In Loss We Often FInd Ourselves


The Story of Augustus from Struwwelpeter by Heinrich Hoffman via Project Gutenberg

When I was a child I was given several books which come under the category of – Cautionary Tales for Children. They are basically stories about children who ended up very badly because they didn’t follow the rules which the adults in their lives gave them to follow.

You know…

Don’t stick your fingers in the electric socket – says an adult authority figure.

Why? – says child, curiosity challenging authority.

Because I say so… and you’ll die if you don’t listen to me – says adult, pissed off that their authority was challenged.

Child thinks adult doesn’t know what they’re talking about (which is often true but don’t let an adult know you know that) and is just being too negative (why does not listening to an adult always seem to have bad consequences), and child has to find out for themselves what life is all about. Life is an adventure, surviving the adventure is a challenge, children know this, why do adults want to make life such a boring chore!

Child sticks fingers in socket, gets a shock, decides never to do that again.

See… now I know why not to do this – says child to itself – but now I also know that adults exaggerate everything. I’m still alive. Maybe I’ll try some of those other things adults tell me not to do because it will kill me. I need to have my own experiences not be imprisoned from ever doing anything because adults live in perpetual fear of death. I’m a child, I live my life for life, not in fear of death. Besides I’m immortal until I grow up and realise I’m not.

And so it goes.

Struwwelpeter is very un-PC, and racist, but those are things an adult would see in the book. Children tend to see the delightfully twisted humour in it.

Out of all the loss I’ve had in life – and loss is something we all have to deal with, it is considered natural and normal in nature, but in human nature we often fight it because it seems so cruel and we do like to hang on to everything for dear life rather than letting go, we also find pain less tolerable as we age and become fearful of loss, whereas children are fearless (to a degree, they just handle fear better than adults do by screaming rather than denying the scream) – the thing I have managed not to lose is being able to see life through the eyes of a child. My eyesight has dimmed a little because that’s what happens when you become an adult and get older, but I still retain a certain child-like wonder when I look at the world. I can still see the beauty and fascination in everything and everyone… I’m just a tad more cynical.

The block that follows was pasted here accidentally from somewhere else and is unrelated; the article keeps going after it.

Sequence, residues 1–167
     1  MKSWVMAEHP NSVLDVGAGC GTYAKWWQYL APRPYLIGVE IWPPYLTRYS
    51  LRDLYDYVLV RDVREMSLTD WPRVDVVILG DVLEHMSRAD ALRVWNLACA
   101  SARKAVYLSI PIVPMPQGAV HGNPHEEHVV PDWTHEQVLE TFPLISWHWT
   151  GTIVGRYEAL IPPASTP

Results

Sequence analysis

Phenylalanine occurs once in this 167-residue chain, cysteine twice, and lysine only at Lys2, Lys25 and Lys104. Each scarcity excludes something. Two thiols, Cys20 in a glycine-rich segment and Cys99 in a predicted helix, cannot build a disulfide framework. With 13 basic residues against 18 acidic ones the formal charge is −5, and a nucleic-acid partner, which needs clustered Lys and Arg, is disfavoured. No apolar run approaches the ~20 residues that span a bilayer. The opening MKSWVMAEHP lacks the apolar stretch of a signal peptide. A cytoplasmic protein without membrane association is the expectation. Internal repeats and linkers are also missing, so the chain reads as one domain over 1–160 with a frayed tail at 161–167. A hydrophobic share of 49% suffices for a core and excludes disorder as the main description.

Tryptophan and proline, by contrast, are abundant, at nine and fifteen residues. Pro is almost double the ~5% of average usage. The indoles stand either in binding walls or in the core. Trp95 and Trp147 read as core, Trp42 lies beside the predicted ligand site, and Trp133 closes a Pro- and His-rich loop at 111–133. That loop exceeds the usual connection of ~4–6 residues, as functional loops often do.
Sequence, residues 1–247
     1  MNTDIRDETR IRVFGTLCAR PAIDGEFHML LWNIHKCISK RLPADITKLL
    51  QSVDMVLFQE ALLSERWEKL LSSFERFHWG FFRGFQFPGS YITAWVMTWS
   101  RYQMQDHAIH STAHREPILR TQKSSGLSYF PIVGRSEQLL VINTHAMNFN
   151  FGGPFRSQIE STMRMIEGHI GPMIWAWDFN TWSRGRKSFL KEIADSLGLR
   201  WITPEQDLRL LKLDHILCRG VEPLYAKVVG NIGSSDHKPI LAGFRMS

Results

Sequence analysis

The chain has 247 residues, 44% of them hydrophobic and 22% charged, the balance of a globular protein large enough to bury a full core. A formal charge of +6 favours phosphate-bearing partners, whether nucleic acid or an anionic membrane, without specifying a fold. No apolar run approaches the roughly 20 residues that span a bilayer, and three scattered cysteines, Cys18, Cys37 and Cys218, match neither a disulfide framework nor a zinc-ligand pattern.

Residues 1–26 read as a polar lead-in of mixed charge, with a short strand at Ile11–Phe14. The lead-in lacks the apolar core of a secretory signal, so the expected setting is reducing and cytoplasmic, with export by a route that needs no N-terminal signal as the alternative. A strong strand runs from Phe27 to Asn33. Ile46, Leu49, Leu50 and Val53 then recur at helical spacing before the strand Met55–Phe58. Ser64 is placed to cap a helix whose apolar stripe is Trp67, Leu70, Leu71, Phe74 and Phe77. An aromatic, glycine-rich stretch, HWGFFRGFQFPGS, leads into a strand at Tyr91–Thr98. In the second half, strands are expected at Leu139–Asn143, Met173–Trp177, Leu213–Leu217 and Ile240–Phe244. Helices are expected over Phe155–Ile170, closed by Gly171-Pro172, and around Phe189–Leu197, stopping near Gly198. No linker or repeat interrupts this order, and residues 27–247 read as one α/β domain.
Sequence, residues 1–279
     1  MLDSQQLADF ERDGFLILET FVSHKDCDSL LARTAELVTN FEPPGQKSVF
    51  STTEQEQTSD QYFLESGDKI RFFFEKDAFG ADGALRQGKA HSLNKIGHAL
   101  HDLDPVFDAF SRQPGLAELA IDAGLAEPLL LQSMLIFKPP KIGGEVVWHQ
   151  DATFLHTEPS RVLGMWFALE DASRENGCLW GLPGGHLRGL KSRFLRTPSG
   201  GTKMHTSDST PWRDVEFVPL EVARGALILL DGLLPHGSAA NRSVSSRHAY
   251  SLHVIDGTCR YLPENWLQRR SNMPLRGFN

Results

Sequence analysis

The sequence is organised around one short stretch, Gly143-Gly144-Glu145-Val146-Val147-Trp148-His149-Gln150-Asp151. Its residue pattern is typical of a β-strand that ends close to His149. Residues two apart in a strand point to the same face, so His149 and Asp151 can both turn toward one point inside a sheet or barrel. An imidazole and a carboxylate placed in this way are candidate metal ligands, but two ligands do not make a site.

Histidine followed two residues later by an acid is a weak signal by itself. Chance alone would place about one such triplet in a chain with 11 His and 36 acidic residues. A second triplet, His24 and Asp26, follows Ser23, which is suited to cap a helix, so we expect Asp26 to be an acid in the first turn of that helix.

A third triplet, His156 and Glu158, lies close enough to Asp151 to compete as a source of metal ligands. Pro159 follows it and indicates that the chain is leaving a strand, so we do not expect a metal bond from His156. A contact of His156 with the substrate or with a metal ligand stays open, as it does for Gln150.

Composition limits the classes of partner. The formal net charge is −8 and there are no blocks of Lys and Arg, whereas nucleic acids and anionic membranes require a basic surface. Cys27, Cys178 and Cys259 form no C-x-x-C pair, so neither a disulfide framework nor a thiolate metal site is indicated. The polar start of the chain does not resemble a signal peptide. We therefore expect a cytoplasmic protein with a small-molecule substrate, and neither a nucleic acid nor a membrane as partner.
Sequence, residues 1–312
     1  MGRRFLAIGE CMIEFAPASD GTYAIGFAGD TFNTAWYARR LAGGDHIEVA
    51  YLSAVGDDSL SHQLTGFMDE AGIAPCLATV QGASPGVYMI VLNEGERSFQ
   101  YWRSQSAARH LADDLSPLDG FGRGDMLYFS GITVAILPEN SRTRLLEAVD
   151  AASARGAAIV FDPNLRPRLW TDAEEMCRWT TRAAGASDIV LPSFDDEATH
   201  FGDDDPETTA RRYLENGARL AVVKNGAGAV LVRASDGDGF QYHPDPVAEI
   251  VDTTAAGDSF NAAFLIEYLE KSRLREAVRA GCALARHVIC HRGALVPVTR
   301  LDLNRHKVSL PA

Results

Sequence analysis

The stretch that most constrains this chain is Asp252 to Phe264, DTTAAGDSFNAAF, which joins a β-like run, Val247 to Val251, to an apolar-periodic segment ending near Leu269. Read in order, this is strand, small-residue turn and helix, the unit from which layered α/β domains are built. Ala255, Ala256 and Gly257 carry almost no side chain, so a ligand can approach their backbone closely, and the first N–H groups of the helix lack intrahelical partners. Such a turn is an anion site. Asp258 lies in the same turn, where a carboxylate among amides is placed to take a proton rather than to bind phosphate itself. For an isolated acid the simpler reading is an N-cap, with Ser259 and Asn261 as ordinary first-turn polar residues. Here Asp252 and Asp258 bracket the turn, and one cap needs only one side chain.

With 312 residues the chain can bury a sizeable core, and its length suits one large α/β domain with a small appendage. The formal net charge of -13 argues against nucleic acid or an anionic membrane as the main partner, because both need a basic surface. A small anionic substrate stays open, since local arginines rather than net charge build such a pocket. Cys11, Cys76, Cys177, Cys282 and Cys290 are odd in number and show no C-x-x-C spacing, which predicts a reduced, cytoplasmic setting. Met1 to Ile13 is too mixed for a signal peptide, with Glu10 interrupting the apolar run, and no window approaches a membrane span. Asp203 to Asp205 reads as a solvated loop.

Sometimes we lose ourselves when we lose something, we definitely lose our minds a little when we lose someone we love… sometimes the loss of something or someone precious allows us to find ourselves. It’s a strange thing how sometimes by losing everything you find so much more. Children understand this more than adults do, perhaps that is why they are so resilient. Perhaps they know that when you lose something or someone you really need to feel the loss and mourn, and shout, and scream, and lose your sanity for a while, because if you don’t feel it, don’t feel the loss with every atom of your being, you’ll lose something far more vital… the ability to feel.

We often deal with loss and the pain of loss by numbing ourselves… and as we lose more, we become more numb until we feel nothing. That is a far greater loss.

The Story of Augustus is not my favourite Struwwelpeter story, but I used it rather than my favourite because it touches upon something very prevalent in society – weightloss – and our obsession with it. It’s funny how we worship some kinds of loss and don’t see those as loss at all even if we use the word ‘loss’ to describe it.

Just some thoughts lost in a post.